Tag Archives: youth
When I was a kid, it was pretty common to get a bunch of guys together, find a field and play tackle football without pads or helmet.
Those days seem like centuries ago.
States are increasing legislative control over tackle football, especially with regard to concussions and the control over the policy and procedures that govern them. And then there are some state politicians that want to ban youth tackle football altogether.
Witness New York Assemblyman Michael Benedetto, who introduced legislation in recent days to prohibit children younger than 11 from playing organized tackle football anywhere in the state.
“I want to protect the children,” Benedetto, a Democrat, told the New York Daily News on Friday. “I want them to get an appreciation of the game but I also don’t want them to come out of this wonderful sport in a damaged condition.”
John Butler, executive director of Pop Warner Football, didn’t mince words in his reaction, telling the paper that—“Frankly, it is disturbing.”
Garvin Dublin, who helps run the New York City Youth Football League, added that the dangers are being exaggerated.
“Kids at that age don’t move as fast and they don’t collide as fast,” Dublin told the paper, claiming he has only seen two serious injuries in 27 years. Furthermore, “we teach kids how to protect themselves when they are on the field,” he said.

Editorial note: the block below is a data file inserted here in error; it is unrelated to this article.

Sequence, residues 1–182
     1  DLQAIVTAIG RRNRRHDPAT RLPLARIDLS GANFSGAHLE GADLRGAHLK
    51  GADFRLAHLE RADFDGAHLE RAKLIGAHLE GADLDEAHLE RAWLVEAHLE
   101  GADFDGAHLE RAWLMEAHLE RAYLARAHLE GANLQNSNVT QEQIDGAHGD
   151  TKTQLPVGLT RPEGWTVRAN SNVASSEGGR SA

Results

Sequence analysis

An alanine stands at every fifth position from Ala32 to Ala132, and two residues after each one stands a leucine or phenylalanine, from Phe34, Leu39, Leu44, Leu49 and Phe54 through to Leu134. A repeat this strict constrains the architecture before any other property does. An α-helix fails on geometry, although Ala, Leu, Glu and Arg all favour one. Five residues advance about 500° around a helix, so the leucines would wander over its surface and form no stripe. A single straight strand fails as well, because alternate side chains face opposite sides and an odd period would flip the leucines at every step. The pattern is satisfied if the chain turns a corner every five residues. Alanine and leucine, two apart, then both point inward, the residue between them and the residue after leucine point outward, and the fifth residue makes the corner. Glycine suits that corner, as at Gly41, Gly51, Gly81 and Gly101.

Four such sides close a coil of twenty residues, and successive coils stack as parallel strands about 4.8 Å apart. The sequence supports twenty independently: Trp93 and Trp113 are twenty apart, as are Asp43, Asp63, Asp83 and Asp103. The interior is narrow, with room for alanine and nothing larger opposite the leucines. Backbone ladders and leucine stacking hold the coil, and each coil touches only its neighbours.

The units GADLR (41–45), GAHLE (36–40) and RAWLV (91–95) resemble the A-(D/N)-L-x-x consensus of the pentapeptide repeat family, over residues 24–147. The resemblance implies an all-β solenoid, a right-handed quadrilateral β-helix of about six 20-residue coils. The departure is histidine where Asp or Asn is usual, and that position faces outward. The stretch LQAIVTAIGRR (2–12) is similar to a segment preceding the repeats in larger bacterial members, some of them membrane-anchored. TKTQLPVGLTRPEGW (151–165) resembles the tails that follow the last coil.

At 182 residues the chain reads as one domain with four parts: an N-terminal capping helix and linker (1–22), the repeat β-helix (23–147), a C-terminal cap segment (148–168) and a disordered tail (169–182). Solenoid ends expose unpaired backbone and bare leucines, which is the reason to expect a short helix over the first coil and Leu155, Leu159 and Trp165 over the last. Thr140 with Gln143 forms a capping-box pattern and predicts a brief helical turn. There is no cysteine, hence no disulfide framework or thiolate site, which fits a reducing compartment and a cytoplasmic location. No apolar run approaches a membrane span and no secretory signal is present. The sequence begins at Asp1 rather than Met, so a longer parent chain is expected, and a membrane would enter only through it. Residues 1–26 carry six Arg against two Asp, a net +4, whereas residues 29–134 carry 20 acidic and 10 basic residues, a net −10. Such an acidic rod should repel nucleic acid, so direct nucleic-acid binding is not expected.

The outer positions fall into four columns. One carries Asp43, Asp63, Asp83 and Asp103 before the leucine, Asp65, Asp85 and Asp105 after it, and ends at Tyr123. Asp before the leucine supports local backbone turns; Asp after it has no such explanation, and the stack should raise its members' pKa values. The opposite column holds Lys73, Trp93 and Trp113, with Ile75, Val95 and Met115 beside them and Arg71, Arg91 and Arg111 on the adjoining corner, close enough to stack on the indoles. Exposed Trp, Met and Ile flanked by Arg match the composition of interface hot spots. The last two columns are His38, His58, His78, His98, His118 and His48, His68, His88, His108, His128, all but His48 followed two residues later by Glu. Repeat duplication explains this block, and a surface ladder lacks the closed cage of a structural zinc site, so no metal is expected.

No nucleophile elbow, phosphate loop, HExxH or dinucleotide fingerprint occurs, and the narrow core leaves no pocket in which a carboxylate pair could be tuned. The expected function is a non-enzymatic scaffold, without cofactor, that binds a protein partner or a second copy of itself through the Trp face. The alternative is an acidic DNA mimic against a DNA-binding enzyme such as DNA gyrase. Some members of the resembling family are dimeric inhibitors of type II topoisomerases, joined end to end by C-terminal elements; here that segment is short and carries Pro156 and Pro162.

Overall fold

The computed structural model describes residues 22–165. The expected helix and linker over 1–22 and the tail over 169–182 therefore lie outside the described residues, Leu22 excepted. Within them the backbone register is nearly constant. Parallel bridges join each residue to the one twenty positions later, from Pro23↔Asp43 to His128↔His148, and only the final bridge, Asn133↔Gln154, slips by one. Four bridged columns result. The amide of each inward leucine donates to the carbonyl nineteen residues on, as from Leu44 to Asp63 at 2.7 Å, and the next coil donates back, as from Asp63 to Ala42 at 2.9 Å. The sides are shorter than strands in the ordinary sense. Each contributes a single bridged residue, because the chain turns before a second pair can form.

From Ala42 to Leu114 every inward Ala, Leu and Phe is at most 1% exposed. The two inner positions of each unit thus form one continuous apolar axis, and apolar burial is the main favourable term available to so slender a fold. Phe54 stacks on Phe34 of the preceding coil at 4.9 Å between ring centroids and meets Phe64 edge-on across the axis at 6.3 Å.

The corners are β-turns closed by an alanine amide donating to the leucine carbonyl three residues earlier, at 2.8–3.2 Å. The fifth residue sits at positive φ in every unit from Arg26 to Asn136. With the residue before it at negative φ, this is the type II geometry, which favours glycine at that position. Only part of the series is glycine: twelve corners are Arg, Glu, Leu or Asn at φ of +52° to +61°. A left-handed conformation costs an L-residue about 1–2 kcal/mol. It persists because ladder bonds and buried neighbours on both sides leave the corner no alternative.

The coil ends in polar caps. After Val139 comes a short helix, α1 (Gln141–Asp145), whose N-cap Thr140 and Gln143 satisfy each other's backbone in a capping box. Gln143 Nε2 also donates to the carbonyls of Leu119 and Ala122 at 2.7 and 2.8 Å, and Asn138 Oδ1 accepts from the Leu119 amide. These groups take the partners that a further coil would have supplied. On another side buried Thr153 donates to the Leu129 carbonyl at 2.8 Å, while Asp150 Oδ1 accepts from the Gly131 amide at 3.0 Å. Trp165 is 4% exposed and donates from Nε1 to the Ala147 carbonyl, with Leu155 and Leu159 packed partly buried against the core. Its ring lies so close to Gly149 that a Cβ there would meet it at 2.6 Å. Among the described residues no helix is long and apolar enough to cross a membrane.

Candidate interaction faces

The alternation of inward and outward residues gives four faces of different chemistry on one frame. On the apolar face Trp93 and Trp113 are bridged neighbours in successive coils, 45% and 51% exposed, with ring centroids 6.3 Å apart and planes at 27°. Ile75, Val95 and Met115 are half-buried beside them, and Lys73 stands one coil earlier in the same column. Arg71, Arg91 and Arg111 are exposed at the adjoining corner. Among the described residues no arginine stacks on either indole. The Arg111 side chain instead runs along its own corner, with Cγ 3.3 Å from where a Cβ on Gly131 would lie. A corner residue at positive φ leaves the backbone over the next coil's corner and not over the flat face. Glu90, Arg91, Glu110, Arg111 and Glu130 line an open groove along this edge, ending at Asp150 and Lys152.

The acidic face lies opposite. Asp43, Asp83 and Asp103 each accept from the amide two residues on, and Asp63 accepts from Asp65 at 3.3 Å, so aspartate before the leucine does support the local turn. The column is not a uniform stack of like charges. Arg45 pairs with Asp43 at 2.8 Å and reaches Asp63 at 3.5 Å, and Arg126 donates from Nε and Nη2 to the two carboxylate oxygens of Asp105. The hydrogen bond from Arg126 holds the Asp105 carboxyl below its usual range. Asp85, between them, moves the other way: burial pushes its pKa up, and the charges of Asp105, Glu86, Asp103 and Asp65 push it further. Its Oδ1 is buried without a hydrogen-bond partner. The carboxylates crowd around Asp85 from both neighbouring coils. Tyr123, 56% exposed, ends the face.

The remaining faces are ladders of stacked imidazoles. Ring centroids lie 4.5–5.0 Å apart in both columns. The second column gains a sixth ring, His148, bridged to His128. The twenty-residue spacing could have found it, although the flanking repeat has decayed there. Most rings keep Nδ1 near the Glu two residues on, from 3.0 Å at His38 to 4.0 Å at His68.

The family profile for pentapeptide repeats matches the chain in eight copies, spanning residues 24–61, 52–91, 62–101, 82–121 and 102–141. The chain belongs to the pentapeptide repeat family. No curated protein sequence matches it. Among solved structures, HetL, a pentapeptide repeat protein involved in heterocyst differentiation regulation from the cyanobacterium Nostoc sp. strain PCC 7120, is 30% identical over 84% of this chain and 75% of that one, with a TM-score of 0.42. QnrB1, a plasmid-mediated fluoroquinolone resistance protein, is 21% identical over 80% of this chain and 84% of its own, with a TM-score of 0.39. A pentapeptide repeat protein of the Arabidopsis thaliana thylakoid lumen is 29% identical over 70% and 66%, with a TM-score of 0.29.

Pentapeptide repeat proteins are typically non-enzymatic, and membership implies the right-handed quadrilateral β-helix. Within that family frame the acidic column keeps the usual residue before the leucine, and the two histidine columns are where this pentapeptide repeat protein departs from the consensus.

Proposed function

Earlier this week, a new City of Boston ordinance designed to limit concussions in contact sports went live.
The new rule requires that all public and private school sports teams in Boston have concussion training and management procedures before kids under 18 can participate in athletics. Specifically, coaches and administrators must receive annual head injury training.
The ordinance also applies to any independent organization looking to use city-owned facilities: (http://concussionpolicyandthelaw.com/2012/08/28/city-requires-concussion-training-for-athletes-coaches-before-it-will-lease-fields/).
Some municipalities have taken things a step further. The City of Ashland has passed a law that, starting Jan. 1, requires all parents, coaches, and athletes over 10 to receive education in how to recognize and respond to a concussion. In addition, all athletes suspected of having a concussion cannot return to play without written medical clearance.
Responding to the hue and cry for safer youth sports, the Canadian Paediatric Society (CPS) has weighed in with a proposed ban on bodychecking in youth hockey in Calgary.
Specifically, the CPS wants it eliminated from the peewee leagues, where in the past it had first been introduced.
The impetus for the policy change was a result of recently compared injury research data in peewee hockey between Calgary and Montreal, where more conservative measures are imposed. Calgary’s injury level was three times higher, according to Dr. Andrew Lynk, the President-elect of the CPS.